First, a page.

My Schmidt and Winkelmann families settled in the Netzekreis district of Posen, Prussia sometime around 1875 or so, having moved East from the Brandenburg region near the town of Modderpfuhl. I compiled relevant information from various sources into this brief history of the region as it concerned the Kolonists like my family.
The Netze district had been only minimally affected by the first German immigration surge in the 13th century. This early colonization consisted of a few minor settlements near the manor-houses of some German estate-owners.
The second German immigration in the 17th and 18th century, however, included the Netze district to a much larger degree. The region received a great increase in population from immigrants from the west. Many Evangelicals, especially from Silesia, found themselves compelled to immigrate in the course of the Thirty Years War against religious oppression. Polish landlords in the mid 1600′s approved the Evangelical affirmations of their old laws and allowed freedom from taxes for 6 years for all new settlers. An enormous stream of immigrants poured into the south of the province and then gradually filled in areas more toward the north. Most were likely to have come from Lower Silesia, especially since there were many cloth-makers among them. In Silesia at that time cloth-making was in its golden age.
The first establishment was the village of Schönlanke in 1580 (the city arose only later), Lemnitz followed, then Putzig in 1586. The settlers there came mostly from Brandenburg and Pomerania.
The “Kolonists” were for the most part Evangelical. Although the intolerance against the Protestants was rising and the Polish landlords themselves were strict Catholics, they vested in the newcomers free practice of religion when new villages were being founded. In spite of the strong persecution of all Evangelicals beginning after 1717, the German settlement increased during the 18th century.
To draw them to settle on their lands, some estate owners set aside tax-free land for a schoolmaster. Land was also made available for a church and cemetery. Colonists were offered use of the land tax-free for 7 years. Nevertheless, it was not uncommon during the 18th century for Evangelical churches to be burned, robbed, or to have their lands reclaimed by the estate owners. Some estate owners also raised taxes through harsh methods and forced the setters to pay much more in money, labor, grain, and livestock than they had initially been promised.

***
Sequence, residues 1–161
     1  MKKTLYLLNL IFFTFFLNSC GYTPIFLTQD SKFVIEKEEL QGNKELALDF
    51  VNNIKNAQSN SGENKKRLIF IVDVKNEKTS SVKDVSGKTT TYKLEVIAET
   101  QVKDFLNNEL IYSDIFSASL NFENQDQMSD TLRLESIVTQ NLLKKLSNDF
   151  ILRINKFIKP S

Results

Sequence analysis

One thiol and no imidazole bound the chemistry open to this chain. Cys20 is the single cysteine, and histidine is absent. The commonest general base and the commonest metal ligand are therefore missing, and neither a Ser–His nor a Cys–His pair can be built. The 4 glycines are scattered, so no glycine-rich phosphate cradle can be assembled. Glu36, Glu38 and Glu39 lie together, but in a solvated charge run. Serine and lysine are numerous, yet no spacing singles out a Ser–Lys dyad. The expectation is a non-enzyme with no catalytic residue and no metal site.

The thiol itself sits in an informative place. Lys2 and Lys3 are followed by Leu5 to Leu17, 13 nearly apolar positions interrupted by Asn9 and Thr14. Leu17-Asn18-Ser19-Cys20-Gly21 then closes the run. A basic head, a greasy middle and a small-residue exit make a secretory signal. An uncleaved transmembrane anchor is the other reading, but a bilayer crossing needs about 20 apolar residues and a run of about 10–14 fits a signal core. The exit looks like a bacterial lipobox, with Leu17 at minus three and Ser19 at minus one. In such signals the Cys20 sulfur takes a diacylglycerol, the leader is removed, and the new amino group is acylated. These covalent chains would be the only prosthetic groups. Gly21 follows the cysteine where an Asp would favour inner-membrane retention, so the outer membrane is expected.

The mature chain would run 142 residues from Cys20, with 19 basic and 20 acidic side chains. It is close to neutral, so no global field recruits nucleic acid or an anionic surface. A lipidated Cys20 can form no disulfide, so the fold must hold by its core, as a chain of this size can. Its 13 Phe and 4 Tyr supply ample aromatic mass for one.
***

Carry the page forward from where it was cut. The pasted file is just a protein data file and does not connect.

In addition to the settlement and creation of new villages, there was an influx of Germans into many Polish communities. In certain formerly-Polish villages, the Germans began to constitute a not inconsiderable minority. Nevertheless, no resident Pole would be driven away by the gradual immigration of Germans into Polish villages, as each settlement could only take place with approval of the underlying Polish authority. Generally, the German farmers would only be settled on plots of land that were lying fallow or were left behind by their owners, so this settlement was generally encouraged by the resident Poles.
In the year 1768 the Warsaw treaties granted full religious liberty for Evangelicals. This was the cause for optimism, but residents of the cities reacted with fear. Entire villages were burned, and troops were assembled which robbed and plundered German towns. Evangelicals fled over the border in large numbers. Eventually West Prussia and the Netze district fell to Prussia on 13 September 1772. Money was made available to restore damages from the war. Within a few months many villages in the district had German mayors, and the Evangelical community began to re-establish itself in the parishes near Czarnikau.
The Prussian governmental colonization after 1772 had had only a minimal affect on the region. The majority of the settlers came from the Polish landlords enticing German colonists onto profit-poor estates. They would get settlers to take marsh-meadows overgrown with bush, and turn them into productive farms.
After the Vienna treaty of 9 May 1815 the area was back under Prussian rule after briefly having been under Polish control for about 8 years. There were about 2000 residents of the district at that time, roughly 44% Evangelical, 32% Catholic, and 23% Jewish. The main occupations were farming, lace-making, cloth-making, and yarn twisting.
In 1822 Russia closed its frontiers for imports and exports and the machine age began. This was the beginning of the end for the formerly thriving textile industry, and the next few decades saw a marked decline in the demand for textiles from the Netze region. The cloth-makers guild was dissolved in 1888. In its place more and more craftsmen immigrated to the region: bakers, butchers, carpenters, masons, blacksmiths and merchants arrived during the period from 1815-1850. The population of German settlers climbed.
A railroad station was built to support the industry of the region in 1851, but after that high point the economy stagnated until the “Gründerzeit” (the founder epoch about 1870), when the tobacco and timber industries resurged. Many sawmills, lumber mills, joineries (carpenter shops) were established around this time.
After that, however, the German population declined drastically. Between 1850-1895 many Germans left to come to North America where cheap land and greater opportunity awaited them.
Distilled from: http://www.posen-l.com/pos/Resources/Books/DGdDiCuU/DGdDiCuU.htm and other sources.